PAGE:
After reports yesterday that Chelsea’s uncontrollable striker, Diego Costa, has relocated his family to Madrid as he still searches for an escape from London, will at this moment in time bring little concern to those following the 16/17 Premier League champions. The name Costa is gradually beginning to be forgotten at ‘The Bridge’ as Diego’s fellow countryman, Alvaro Morata, has begun life in London at a blistering pace.
Morata left life in Spain this summer after struggling to gain any satisfactory game-time for Real Madrid. Although scoring 15 goals from 26 appearances last season, most notably as a substitute, he didn’t fit into Zidane’s plans for this campaign. The £58m fee, which has potential to increase to £70m, was enough to send the 24-year-old packing.
With the World Cup quickly approaching, it’s critical for internationals to be gaining adequate game time at their respective clubs and arguably, Morata will be the first name on the team sheet for Chelsea and will gain many admirers if his early form, gaining him 3 goals and 2 assists in 4 appearances, continues.
What’s most impressive with the Spaniard is his range of movement and his ability to peel off centre halves and find himself through on goal. Pundit Chris Sutton claimed Morata has the ‘cleverest movement’ off all the strikers in the Premier League and after analysing Morata’s performances at the King Power for myself the past weekend, Sutton has certainly got a solid argument here. The intelligent movement of Morata was evident on many occasions against Leicester, where Chelsea ran off 2-1 victors. Half way through the first half, Morata picked up a slick pass from Fabregas and shadowed through Morgan and Maguire to find himself in on goal. Unfortunately for Morata, he struggled to make any real connection with the ball but his patience and movement abilities were displayed early on in Leicester and he proved a nightmare for the centre halves all game.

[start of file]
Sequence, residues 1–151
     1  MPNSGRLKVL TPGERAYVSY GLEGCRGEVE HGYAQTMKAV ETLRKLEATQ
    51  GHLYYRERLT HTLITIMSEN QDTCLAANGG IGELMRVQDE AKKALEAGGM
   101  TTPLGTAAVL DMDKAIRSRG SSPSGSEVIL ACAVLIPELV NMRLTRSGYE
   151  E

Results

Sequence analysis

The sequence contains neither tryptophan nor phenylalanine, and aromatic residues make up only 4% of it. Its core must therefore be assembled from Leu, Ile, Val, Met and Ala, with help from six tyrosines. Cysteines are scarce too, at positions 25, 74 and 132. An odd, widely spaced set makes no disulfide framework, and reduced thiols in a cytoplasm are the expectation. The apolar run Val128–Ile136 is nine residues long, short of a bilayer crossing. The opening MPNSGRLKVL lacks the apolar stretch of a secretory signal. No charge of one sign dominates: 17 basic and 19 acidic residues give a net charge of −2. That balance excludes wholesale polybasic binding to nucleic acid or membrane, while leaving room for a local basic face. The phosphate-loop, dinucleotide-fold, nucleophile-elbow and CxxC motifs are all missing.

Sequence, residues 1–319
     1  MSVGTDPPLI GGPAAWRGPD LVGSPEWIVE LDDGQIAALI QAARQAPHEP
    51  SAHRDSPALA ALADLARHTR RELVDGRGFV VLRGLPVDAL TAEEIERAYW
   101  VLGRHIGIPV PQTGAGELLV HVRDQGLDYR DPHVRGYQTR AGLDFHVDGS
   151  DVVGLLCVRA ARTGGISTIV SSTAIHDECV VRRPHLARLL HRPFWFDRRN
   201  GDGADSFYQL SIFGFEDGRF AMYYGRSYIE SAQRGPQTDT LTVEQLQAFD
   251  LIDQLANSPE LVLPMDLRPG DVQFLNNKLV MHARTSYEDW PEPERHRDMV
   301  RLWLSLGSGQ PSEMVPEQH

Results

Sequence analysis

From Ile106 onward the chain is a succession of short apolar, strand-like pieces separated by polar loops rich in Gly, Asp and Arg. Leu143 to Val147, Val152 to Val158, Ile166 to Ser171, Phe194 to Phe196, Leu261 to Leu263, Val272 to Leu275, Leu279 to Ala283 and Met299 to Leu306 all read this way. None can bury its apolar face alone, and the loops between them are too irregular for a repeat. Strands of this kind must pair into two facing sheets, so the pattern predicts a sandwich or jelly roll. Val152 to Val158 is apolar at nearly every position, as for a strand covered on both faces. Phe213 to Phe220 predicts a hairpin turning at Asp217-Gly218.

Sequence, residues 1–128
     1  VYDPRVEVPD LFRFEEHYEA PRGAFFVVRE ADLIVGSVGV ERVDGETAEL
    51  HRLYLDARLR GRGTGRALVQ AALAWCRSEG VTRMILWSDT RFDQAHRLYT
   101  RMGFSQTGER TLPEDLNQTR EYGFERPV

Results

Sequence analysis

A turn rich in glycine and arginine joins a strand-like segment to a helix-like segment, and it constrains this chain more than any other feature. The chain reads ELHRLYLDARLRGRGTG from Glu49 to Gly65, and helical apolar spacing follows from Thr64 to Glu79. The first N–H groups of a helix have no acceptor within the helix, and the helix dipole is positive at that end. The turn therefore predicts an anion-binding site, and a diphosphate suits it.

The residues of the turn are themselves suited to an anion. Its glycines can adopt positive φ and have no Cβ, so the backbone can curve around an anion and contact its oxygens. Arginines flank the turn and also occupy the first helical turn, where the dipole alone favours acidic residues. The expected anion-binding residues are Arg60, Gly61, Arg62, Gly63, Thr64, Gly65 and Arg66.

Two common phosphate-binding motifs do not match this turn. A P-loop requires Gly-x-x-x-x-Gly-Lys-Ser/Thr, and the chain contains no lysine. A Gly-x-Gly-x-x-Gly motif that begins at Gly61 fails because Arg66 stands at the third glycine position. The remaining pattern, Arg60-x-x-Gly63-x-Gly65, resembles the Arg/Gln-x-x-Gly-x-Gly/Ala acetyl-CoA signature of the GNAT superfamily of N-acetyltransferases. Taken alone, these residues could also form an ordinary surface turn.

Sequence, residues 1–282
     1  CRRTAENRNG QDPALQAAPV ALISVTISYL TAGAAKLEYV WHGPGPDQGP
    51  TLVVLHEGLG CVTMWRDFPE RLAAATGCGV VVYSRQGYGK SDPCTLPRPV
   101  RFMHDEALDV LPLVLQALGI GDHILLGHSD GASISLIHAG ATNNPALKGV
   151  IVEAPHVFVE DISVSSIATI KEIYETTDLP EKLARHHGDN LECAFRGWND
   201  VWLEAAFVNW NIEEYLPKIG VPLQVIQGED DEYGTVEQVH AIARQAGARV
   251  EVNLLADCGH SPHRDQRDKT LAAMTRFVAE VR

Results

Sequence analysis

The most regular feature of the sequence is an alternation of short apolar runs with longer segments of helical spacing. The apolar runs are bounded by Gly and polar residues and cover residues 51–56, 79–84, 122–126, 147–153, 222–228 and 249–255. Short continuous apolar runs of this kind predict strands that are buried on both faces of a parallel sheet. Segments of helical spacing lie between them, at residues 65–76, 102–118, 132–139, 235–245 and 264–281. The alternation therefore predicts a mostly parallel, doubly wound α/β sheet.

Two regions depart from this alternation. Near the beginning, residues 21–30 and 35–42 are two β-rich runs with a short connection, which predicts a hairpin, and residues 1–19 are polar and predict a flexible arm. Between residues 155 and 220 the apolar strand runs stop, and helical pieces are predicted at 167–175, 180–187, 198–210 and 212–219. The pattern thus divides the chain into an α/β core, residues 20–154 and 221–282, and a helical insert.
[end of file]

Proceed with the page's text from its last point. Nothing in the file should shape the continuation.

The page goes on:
Towards the end of the first half, Azpilicueta picked up the ball 20 yards out and played a delightful looping cross into the box, a cross which left Kasper Schmeichel puzzled as to whether he should come or not. He decided the later and Morata made him pay. The striker ghosted around Morgan and headed the ball into the net. This was the same partnership that linked up in Chelsea’s 2-0 victory vs Everton a couple weekends back.
Morata’s first Premier League goal came against Burnley, and this unsurprisingly was also a header. This puts Morata 2nd in headed goals in Europe’s elite leagues since the beginning of last season with a total of nine. Morata’s heading ability is another key attribute to his game and will be the source of many of Morata’s goals this season.
Also, fundamental to Conte and Chelsea is Morata’s work rate. There were many occasions against the Foxes where he tracked back and picked up the ball beginning vital attacks for the champions. He is clearly a team player and will put in a shift every time he is on the field and it is this work-rate alongside his movement and heading ability that will make Morata a joy to watch this season and I’m sure he will be fighting for the golden boot come the end of the campaign.
Written by Eamon Kitching.